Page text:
I wasn't that crazy, however, about Malin Akerman as Silk Spectre II. Aesthetically, I suppose I see why they cast her, although she wasn't who I imagined. Akerman's body has some interesting, strong lines that help convey the sexy but not outrageously voluptuous Silk Spectre form to the screen. But as such an important character to the on-screen story, Akerman's acting should have been at a higher level. On the page, the story itself is less important than the links among its different parts, but on screen, it's a whole different ball game. And we need the characters' performances to help us enjoy and make sense of the plot. We can't go back a page or read it again: they only have one shot to bring it home, and bring 'it' home Akerman did not. Between the awkward sex scenes and the vapid stare, 'it' is still out there somewhere, lost and gathering change for a taxi.
I also really did not care for the prison riot scene, which I didn't recognize as fitting in anywhere with the original Watchmen. In the original, the prisoners are not your one-dimensional bad guys: they are also victims of a degenerative society, borne out by the fact that they are the innocents wiped out in Ozymandias's last stand. In the film, however, what with all the sawing off of arms and silly blockbuster mayhem, that subtlety is lost. The point at which Silk Spectre and Nite Owl join Rorshach's dark side is painted as simply a rescue mission of one of the Superfriends, when it is really meant to be the point at which the two characters come face-to-face with the type of violence begotten by their own violence. And from here, well, it all comes undone, and the film starts to feel exceptionally long and improperly edited because they start to tell the story in a different way. The Comedian's awful confession to his nemesis - which is meant to represent a convergence of the methods of 'good' and 'evil' to prove that the two do not that simply exist, and is meant to anchor his own shooting of demonstrators with his violence against the two women, the killing of prisoners in the riot and the final annihilation in New York into a common thread - instead seems weird and out of character, and all the potential irony is lost. By the end, all of the tragic, moral agonizing has been stuffed into Ozymandias's final blaze of glory, so that you're not so much steadily fed the ironic message as you are whacked over the head with it and kicked out of the theater. Of course, by this time, you're glad to leave because you're sure the sun has started to rise and it's time for breakfast.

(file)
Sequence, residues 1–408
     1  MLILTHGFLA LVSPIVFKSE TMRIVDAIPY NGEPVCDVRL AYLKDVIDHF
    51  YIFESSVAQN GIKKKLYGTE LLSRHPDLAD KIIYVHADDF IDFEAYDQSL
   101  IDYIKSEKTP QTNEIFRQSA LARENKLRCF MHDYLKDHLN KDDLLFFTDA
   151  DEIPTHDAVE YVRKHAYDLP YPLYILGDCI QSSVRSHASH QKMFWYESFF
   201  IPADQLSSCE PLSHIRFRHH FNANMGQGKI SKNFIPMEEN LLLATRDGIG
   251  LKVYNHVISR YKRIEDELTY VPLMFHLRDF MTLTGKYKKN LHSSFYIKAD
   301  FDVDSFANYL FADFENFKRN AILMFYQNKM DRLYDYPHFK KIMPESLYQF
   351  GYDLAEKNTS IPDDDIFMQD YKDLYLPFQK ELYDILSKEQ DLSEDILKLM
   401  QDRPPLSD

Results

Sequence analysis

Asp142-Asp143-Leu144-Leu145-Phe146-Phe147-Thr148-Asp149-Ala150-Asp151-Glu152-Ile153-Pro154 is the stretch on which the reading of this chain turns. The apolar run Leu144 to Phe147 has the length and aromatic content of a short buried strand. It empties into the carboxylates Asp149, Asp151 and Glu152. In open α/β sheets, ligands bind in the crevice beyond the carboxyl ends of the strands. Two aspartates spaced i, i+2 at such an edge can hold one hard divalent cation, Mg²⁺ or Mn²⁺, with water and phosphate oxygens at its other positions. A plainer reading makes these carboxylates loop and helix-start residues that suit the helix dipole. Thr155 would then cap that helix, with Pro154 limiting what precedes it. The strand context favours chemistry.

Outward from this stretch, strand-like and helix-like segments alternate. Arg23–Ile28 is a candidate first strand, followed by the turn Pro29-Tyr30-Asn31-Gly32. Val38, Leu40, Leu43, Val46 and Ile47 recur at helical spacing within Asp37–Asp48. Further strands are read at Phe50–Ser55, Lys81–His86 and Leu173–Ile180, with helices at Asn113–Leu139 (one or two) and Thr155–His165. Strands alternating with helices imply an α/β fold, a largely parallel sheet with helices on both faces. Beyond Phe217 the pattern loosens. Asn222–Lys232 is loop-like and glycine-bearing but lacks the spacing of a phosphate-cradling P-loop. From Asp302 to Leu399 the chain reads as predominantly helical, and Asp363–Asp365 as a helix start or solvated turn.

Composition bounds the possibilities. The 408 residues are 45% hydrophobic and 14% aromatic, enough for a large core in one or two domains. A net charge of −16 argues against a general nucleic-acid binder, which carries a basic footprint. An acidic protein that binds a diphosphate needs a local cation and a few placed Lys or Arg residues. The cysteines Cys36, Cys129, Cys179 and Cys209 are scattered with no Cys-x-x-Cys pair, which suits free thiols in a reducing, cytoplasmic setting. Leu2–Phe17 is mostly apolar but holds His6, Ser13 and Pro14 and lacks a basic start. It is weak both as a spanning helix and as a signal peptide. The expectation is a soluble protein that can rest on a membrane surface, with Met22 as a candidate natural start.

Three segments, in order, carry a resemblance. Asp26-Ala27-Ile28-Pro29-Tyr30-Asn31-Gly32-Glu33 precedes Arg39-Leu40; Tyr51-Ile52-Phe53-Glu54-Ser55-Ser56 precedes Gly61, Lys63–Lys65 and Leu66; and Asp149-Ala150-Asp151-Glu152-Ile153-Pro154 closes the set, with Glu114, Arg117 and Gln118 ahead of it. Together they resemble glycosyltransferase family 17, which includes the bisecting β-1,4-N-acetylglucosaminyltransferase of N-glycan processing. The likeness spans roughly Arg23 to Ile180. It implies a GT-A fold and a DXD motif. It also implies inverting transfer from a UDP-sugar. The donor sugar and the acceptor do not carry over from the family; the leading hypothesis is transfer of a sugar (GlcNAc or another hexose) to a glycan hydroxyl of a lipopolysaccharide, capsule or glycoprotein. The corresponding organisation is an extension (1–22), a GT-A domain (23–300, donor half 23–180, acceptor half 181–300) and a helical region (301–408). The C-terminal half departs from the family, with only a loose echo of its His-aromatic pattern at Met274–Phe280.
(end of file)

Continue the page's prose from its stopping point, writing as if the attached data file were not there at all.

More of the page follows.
There's a lot more that can be said about this film, but overall, after the drawn-out, sensationalized gigantic bore that was 300, Zack Snyder did a whole lot better with Watchmen. Sure it wasn't meant for the screen, and all its political and philosophical anarchy are difficult to 'get' off the page, but Snyder did justice to most of the film. And if he had only stayed the course, instead of being just a good film, it could have been brilliant.